As the last of the 2009 Lincoln Bicentennial penny was released, the US Mint also revealed the reverse design for the 2010 Lincoln penny. These designs will have brought a fresh face to US coinage and kindled much interest among collectors.
The 2009 Lincoln Series
Designed to commemorate the bicentennial of Lincoln’s birth, this series represents the first time that the design of the US penny has changed in fifty years. For the Lincoln Bicentennial Series, the US Mint released four separate coins this year. Each coin evokes a different phase in Lincoln’s life:
- The first coin, released in Lincoln’s birthplace of Hodgenville, Kentucky, honors the president’s early years in rural Kentucky. This coin’s reverse features an iconic log cabin.
- Introduced in Lincoln City, Indiana, the second coin in the series honors Lincoln’s adolescence and early adulthood with an image of a young Lincoln perched upon a fallen log, reading intently.
- In recognition of Lincoln’s law career, the third coin in the Lincoln Bicentennial Series features Lincoln standing before the Illinois state capitol building. The coin was released in Springfield, Illinois.
- The final coin of the series commemorates Lincoln’s presidency. On its reverse, the unfinished Capital building, symbolizing Lincoln’s efforts to rebuild a complete nation despite the Civil War.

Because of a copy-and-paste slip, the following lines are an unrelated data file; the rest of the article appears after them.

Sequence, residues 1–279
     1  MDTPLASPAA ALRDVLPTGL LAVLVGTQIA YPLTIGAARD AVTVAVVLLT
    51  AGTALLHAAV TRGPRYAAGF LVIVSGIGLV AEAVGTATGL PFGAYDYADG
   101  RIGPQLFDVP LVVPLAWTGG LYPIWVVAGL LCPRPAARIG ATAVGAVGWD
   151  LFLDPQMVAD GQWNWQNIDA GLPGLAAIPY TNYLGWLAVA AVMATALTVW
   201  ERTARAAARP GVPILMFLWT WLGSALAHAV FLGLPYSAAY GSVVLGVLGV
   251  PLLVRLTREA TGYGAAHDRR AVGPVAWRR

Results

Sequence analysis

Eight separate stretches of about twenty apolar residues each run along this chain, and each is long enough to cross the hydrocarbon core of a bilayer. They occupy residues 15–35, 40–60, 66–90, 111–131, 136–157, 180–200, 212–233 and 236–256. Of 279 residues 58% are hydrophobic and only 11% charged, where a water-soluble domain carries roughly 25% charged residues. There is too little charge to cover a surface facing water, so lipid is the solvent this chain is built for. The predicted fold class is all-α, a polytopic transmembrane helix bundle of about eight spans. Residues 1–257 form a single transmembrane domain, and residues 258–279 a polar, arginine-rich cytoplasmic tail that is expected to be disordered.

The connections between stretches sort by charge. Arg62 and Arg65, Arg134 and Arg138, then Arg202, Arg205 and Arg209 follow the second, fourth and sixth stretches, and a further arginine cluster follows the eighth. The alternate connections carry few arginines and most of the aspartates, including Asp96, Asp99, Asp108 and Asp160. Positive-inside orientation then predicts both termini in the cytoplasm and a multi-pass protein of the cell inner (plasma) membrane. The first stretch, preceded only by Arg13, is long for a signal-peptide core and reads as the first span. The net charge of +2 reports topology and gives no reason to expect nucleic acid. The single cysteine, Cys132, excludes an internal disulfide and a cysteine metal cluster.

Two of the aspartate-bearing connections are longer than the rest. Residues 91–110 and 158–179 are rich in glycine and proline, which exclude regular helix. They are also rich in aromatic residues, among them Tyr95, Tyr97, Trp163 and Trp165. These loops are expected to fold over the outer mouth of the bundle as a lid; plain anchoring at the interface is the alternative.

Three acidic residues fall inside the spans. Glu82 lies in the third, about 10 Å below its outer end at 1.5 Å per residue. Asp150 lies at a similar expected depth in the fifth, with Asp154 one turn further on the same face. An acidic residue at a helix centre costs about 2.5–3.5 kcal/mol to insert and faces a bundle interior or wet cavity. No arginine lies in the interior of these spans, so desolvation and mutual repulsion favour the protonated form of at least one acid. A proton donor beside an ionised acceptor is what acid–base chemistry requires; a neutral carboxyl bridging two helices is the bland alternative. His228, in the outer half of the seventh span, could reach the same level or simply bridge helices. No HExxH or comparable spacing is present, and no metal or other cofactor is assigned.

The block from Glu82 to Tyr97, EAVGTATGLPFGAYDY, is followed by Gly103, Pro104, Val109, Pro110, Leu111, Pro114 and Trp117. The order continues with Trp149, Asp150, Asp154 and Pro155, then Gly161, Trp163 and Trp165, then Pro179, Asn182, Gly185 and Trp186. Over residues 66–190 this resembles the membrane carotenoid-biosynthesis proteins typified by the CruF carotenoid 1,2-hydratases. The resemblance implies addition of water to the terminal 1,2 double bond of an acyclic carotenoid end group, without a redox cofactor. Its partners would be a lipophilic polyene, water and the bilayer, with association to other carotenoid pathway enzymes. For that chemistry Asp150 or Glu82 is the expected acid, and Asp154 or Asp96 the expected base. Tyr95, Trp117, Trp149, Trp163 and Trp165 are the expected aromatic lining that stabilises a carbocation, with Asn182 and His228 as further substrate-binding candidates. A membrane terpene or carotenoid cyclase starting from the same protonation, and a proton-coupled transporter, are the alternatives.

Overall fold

While large quantities of the coins were released into circulation, they are still relatively scarce. To obtain these coins, many collectors have turned to the US Mint, which is offering two-roll sets of Lincoln pennies. Lincoln cents from rolls that have been cancelled by the US Postal Service still have relatively reasonable premiums, offering collectors a great opportunity.
A New Design for 2010
The 2009 Lincoln Bicentennial Series sought to capture the life and contributions of one of America’s most revered presidents. Meanwhile, the 2010 penny was designed as a long-term update to American coinage. Previous to the release of the 2009 Bicentennial Series, the design of the penny had remained the same since 1959, when the image of the Lincoln Memorial replaced wheat on the coin’s reverse.
The theme of the new design is Lincoln’s dedication to maintaining a unified country in the face of tremendous conflict. On its reverse, the 2010 Lincoln cent depicts a shield with the motto “E Pluribus Unum” and a banner that reads “One Cent.” The shield symbol has been used since the Civil War, and it appears in the US Capitol Building several times. The 2010 Lincoln cent will still bear the classic profile of Abraham Lincoln on its obverse.
Like the Presidential $1 and State Quarters programs, the 2010 Lincoln Penny is part of a Congressional push to beautify the country’s currency. Part of Public Law 109-145, the coin will continue to be minted and put into circulation until another act of Congress repeals or amends the law.
The latest Lincoln cents are sure to appeal to collectors of all ages and experience levels. Their historic interest and beautifully executed design make them a welcome addition to US currency.
This information is provided for general reference purposes and does not constitute professional advice. For detailed coin collecting or investing information, please consult with a professional expert.